Plenty of feelings get stirred up inside the Octagon -- anger, frustration, elation, nausea. Boredom isn't usually one of them.

Yet Anderson Silva appears to be nodding off.

Having left behind a who's who of carcasses in his weight division, the Brazilian precision striker is quickly running out of victims. Rich Franklin (Pictures) was dispatched twice (once in his hometown, no less); durable Travis Lutter (Pictures) and Nate Marquardt were beat at their own games; Dan Henderson (Pictures), asphyxiated.

Discouraged from calling out finishes in mid-bout or tying one hand behind his back, the UFC's reigning middleweight champion is facing one of the more dangerous opponents in his rapidly expanding legacy: athletic apathy.

With Matt Lindland (Pictures) denied entry to the promotion and 16-0 WEC standout Paulo Filho (Pictures) disinclined to fight his friend and teammate, there are few reasonable bouts left for Silva on the table. Most expect him to rematch Yushin Okami (Pictures), a resilient Japanese contender. (Their 2006 fight ended with Silva launching an illegal kick that hurt Okami, inviting a disqualification. It was his last loss.)

But with fans and fighters alike meeting Okami with indifference, reports have surfaced that Silva is making early, brazen attempts to assemble a fight with boxing great Roy Jones, Jr. And unlike earlier grandstanding challenges -- few remember Ralph Gracie (Pictures) crashing a Jones press conference in the mid-1990s -- he proposes to do it under the Florida native's Queensbury rules set.

It's understood that, nearing 40, Jones is aging leather. He hasn't won a relevant fight in years. Hasn't, in fact, knocked out anyone in nearly six. The dizzying speed that flummoxed journeymen (and the occasional future champion) has evaporated. Sporting a chin twice cracked, he has to be careful when boxing his shadow.

But Jones, at 52-4, has 54 more professional boxing matches than Silva, who, according to boxrec.com, has only two bouts to his credit -- one of which resulted in a TKO loss. And where Silva has spent years fracturing his attention between jiu-jitsu, muay Thai, wrestling and pugilism, Jones has only had to concern himself with the delicate art of dislocating molars.

Should Silva choose to step in between the ropes with Jones, it would be a technical mismatch unseen since Roy Scheider dipped a tepid toe into the shark-infested waters of Amity Island.

But like all promotional oddities, it should be expected that a Silva-Jones fight would do appreciable business, thanks in large part to the athletes representing more than just their own egos.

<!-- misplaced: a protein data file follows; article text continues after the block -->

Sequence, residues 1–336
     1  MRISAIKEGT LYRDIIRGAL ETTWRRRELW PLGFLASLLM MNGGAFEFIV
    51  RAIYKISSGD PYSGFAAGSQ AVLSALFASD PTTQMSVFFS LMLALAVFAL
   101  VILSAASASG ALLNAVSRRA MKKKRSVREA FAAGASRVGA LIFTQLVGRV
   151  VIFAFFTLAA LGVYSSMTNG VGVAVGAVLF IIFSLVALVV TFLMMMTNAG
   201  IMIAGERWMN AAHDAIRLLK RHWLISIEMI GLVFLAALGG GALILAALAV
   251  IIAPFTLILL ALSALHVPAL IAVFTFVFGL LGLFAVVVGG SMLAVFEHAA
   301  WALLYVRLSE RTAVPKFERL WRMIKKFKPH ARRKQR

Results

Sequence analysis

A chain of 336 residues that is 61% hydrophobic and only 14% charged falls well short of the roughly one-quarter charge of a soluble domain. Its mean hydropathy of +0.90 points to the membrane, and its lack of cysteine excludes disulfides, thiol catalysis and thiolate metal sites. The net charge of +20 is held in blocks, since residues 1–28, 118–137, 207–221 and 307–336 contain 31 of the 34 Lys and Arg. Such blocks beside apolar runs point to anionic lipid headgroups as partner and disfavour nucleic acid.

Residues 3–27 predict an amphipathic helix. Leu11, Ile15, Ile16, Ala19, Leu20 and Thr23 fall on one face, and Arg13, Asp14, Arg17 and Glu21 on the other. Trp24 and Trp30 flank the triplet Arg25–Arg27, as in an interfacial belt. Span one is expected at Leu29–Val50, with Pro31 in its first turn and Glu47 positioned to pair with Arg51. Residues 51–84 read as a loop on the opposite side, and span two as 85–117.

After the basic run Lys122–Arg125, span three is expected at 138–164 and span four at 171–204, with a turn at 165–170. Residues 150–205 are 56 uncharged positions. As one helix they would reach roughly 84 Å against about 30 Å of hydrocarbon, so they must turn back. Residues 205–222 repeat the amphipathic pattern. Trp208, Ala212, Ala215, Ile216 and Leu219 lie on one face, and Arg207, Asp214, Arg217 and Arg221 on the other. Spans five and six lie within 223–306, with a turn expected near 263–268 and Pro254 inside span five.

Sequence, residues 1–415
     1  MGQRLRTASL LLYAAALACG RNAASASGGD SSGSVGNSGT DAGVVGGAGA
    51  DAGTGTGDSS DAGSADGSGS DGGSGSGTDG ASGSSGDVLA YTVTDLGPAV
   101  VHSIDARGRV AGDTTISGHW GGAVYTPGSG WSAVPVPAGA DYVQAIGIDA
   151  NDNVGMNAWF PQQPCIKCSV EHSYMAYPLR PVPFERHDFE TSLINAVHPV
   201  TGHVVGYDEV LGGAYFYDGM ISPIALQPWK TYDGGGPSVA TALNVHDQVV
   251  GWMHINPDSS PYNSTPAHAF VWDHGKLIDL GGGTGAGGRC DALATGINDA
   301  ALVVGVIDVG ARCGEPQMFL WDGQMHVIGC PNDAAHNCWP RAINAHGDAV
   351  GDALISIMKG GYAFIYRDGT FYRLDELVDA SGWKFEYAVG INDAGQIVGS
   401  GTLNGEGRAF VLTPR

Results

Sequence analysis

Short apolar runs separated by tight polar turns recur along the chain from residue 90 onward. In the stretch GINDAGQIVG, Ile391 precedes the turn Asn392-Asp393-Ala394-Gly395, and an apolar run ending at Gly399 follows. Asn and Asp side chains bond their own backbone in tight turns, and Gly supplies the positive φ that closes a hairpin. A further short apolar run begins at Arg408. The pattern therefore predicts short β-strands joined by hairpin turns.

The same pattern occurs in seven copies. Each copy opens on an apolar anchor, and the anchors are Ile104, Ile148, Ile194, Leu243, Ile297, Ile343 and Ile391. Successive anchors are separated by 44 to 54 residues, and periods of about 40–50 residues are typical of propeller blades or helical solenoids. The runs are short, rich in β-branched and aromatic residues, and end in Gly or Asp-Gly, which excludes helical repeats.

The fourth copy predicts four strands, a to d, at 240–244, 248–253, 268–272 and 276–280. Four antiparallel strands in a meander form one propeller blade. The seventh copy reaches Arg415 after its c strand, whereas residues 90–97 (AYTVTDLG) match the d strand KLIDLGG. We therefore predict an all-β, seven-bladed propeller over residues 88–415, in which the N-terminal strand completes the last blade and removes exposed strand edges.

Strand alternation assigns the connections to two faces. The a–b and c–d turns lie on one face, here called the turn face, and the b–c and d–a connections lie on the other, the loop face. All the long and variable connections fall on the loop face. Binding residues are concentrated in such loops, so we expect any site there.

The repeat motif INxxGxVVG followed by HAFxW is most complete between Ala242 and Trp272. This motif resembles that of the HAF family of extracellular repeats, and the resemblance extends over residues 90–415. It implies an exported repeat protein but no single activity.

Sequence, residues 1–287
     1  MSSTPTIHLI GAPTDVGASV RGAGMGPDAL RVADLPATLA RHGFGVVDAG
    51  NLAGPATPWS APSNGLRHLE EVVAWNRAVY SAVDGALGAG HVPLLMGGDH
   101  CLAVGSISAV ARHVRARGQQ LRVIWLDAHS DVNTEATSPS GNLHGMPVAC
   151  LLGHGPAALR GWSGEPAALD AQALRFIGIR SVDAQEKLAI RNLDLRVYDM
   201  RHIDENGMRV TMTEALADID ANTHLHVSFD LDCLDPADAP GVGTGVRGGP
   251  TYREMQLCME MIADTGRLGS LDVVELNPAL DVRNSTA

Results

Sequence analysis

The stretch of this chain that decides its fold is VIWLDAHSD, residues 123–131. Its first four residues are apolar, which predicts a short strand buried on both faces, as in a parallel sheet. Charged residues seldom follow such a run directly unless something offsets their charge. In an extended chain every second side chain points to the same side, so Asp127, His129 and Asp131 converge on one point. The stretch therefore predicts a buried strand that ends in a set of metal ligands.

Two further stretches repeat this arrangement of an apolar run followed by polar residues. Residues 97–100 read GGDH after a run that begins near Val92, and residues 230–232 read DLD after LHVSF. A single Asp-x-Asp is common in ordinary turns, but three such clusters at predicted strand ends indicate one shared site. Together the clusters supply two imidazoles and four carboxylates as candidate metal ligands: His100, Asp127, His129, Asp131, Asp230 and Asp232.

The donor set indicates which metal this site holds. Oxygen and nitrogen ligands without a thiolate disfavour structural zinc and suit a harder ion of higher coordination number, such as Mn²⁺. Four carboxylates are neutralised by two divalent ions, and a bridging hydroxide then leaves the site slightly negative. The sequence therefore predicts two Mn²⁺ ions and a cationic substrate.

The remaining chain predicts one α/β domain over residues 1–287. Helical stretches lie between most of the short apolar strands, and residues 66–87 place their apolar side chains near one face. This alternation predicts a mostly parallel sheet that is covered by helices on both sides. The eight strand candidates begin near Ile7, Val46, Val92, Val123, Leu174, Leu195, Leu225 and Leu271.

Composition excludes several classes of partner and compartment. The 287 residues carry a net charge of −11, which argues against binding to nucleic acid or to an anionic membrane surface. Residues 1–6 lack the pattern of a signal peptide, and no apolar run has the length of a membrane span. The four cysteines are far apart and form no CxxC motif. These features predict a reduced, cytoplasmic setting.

Silva would enter as this industry's answer to criticism that mixed-style athletes aren't as technically proficient as their boxing counterparts, that there's no true rhythm to the visceral chaos of MMA. Jones would be empowered by beliefs that boxing is the fight sport of tradition, and that no ugly upstart has any rightful claim to suppressing it. It's exactly the kind of broad story, easily explained and understood, that makes for compelling sports entertainment.

Tell it in six, eight or 10 rounds: Silva hasn't logged enough time to out-finesse Jones under any duration. A victory can come only by surviving, by hanging tough with a boxing legend and enjoying fleeting moments of accuracy before Jones rights the ship and continues his barrage. They won't hurt, but they'll sting -- both Silva's face and his personal pride.

Not that Silva should ever dare hang his head, even if Jones manages to rattle his cage enough to score a finish. By even agreeing to such a lopsided contest, Silva does nothing but offer further proof of what the Bukowski-bred laureates have dubbed "gameness," the primal urge to scrap until your limbs cease cooperating. It would embellish, not diminish, his profile.

But even if Silva and Jones agree to circle each other and fans start waving wallets, third parties could find ample reason to squash plans.

The man with the most to lose standing off-canvas is Dana White, who has seen his UFC property climb out of its early grave and regularly trump both boxing and pro wrestling on pay-per-view. Would White really embrace the idea of his most-buzzed-about champ looking worse for the wear in a rival format? There's certainly money in it, but White has never (wisely) taken the quick buck over long-term profiteering. Having a UFC champion look subservient to an older boxer isn't exactly smart box office.

There's also the not-insignificant matter of having a 1-1 Silva fight a former multi-division champion with dozens of fights. Nevada State Athletic Commission Executive Director Keith Kizer, a possible host for the hypothetical bout, says that sanctioning the fight is "possible," but expresses concern over taking away a majority of Silva's artillery.

"Anderson is obviously well known for his striking ability," Kizer says, "[but] a lot of that is kicks, knees and elbows, which don't do any good in a boxing match. It's a tough thing. You have to give him some credit, but whether or not that's approvable as a boxing match, it's hard to know."

But, Kizer adds, "the fact that he's good at other things, not just striking, shouldn't be held against him."

Neither should his ambition.

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